Child Custody Canada
Separation is a painful experience, and more so for the children of the separated and divorced couple.
Even if the separation was done amicably, problems may still arise, especially when it comes to custody of the kids.
This article talks about the child custody laws in Canada to give you more information about the options awaiting you should you separate from your partner.
Child custody – Laws
Child custody Ontario laws do not distinguish between legitimate and illegitimate children, as with the majority of the provinces in Canada.
However, Alberta, Nova Scotia, Newfoundland, and Saskatchewan continue to distinguish the two.
The custody of children of common-law relationships is decided by the courts in the same way as they would decide custody cases of married couples.
Child Custody – Four Types of custody:
Types Of Child Custody
* Solo. Solo custody means that only one parent has custody of the child/children.
* Shared. In shared custody, both parents have custody of the child/children, with the kids spending approximately equal amounts of time with both the mother and the father.
Shared custody usually denotes physical custody only and not legal custody.
* Joint. Joint custody means that both parents have both legal custody and physical custody of their children. This type of child custody also means that both the mother and the father have the right to make decisions about the upbringing of their kids.
* Split. In split custody, the mother is awarded custody of some children while the father is awarded custody of the others.
How is child custody determined?
The courts do not just follow child custody laws. As with other courts all over the world, Canadian courts determine custody based on what they perceive is best for the children. Some of the factors that they will look into include:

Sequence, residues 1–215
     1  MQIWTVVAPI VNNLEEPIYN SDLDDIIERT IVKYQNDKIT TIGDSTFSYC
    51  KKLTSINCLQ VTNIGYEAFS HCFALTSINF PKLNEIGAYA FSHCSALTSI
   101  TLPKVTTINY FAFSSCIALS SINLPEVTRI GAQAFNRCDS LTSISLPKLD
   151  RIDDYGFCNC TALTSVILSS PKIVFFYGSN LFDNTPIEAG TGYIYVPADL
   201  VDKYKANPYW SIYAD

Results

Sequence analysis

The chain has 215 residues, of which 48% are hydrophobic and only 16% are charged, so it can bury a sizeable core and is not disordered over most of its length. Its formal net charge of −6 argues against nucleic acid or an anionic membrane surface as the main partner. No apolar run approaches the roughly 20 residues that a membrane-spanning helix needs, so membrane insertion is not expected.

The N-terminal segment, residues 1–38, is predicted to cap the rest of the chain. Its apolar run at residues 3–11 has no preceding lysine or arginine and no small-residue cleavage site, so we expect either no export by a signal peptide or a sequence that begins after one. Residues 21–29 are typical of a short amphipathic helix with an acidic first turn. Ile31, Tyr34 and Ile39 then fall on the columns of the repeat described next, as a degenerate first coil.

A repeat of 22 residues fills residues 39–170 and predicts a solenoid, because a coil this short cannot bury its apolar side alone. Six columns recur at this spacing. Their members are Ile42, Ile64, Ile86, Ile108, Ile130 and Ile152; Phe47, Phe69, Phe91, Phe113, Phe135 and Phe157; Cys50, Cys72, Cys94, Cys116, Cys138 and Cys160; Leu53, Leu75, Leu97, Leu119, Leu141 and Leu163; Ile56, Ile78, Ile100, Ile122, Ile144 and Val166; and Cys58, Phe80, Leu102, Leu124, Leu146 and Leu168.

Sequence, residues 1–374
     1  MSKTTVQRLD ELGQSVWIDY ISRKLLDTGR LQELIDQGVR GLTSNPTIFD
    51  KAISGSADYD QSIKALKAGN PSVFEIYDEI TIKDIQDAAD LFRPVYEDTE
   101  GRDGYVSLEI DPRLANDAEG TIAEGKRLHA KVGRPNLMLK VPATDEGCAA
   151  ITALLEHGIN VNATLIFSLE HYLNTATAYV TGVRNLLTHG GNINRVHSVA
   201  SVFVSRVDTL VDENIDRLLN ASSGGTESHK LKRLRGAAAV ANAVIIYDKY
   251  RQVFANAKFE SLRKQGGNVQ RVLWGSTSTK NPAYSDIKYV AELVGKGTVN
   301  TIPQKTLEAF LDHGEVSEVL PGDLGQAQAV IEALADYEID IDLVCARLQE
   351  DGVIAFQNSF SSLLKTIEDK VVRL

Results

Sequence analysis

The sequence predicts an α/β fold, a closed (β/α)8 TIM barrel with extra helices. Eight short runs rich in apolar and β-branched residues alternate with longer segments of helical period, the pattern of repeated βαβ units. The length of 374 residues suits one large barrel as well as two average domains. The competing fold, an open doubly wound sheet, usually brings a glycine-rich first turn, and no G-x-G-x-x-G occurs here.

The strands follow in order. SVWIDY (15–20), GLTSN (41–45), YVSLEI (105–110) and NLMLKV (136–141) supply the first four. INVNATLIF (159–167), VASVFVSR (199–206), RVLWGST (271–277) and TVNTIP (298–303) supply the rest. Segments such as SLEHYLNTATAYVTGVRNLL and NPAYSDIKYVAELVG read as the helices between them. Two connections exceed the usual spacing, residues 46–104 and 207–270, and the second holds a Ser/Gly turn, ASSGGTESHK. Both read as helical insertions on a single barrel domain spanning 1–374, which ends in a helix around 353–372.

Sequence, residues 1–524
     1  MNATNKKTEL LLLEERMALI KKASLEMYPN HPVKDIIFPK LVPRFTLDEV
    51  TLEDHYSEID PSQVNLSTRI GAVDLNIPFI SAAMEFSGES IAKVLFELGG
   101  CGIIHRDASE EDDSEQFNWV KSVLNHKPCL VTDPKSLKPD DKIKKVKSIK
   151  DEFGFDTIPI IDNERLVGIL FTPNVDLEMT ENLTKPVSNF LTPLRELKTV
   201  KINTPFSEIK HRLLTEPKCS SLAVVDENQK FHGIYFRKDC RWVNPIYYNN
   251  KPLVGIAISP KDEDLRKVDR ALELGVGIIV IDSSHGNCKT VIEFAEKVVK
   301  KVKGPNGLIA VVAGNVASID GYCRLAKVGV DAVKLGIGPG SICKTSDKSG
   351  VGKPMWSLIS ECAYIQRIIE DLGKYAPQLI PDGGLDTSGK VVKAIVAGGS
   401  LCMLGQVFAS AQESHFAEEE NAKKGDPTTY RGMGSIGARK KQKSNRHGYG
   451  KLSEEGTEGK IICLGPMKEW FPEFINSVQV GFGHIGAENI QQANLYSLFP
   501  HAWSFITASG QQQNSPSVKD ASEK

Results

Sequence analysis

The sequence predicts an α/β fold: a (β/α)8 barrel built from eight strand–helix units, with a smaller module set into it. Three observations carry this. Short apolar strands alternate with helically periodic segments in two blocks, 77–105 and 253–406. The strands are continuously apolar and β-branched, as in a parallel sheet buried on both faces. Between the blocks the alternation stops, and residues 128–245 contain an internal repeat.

* The financial capacity of the parent to provide for the child/children;
* The relationship between the parent and the child/children;
* The primary care giver of the child/children;
* The amount of time the parent is able to devote to take care of the child/children;
* The child/children’s preference, if he/she/they /are already at the age of maturity; and
* Any special needs the child/children may have.
About child support
According to child custody laws, the non-custodial parent is required to provide financial support regardless of where he or she is living, provided that the child/children continue to reside in Canada.
Financial support is required regardless of whether the courts rule this or not. As such, even those who live abroad are legally obligated to support their child/children if they are not awarded custody.
It’s not required for a lawyer to be consulted with regards to support, since the laws assume that the non-custodial parent is required to provide financial support.
It would be better if you and your estranged partner can come up with an agreement as to how much financial support will be made.
However, a lawyer is needed if the separated couple is having problems with communication and cannot agree with the amount of support the non-custodial parent should give.
What about father’s rights?
In general, the courts do not discriminate between men and women. However, there may be instances where the courts will almost automatically grant custody to the mother.
When the mom is a stay-at-home mother or if she is the primary caretaker of the child/children, since the courts will want to make sure that the kids are well taken care of.
However, this doesn’t necessarily mean that the courts will automatically grant custody to the mother every time. Instead, they will evaluate the situation carefully to see which parent is better equipped to take care of the child/children.
As such, it’s possible for fathers to be granted custody provided that they show proof that they are better qualified to take care of the kids.
Child Custody Lawyers
Canadian child custody laws can be very tricky, which is why you will need to hire a good child custody lawyer if you want to be granted custody of your children.
Do remember that your children are as affected about the separation as you are, so don’t make any moves that can hurt them even more in the process.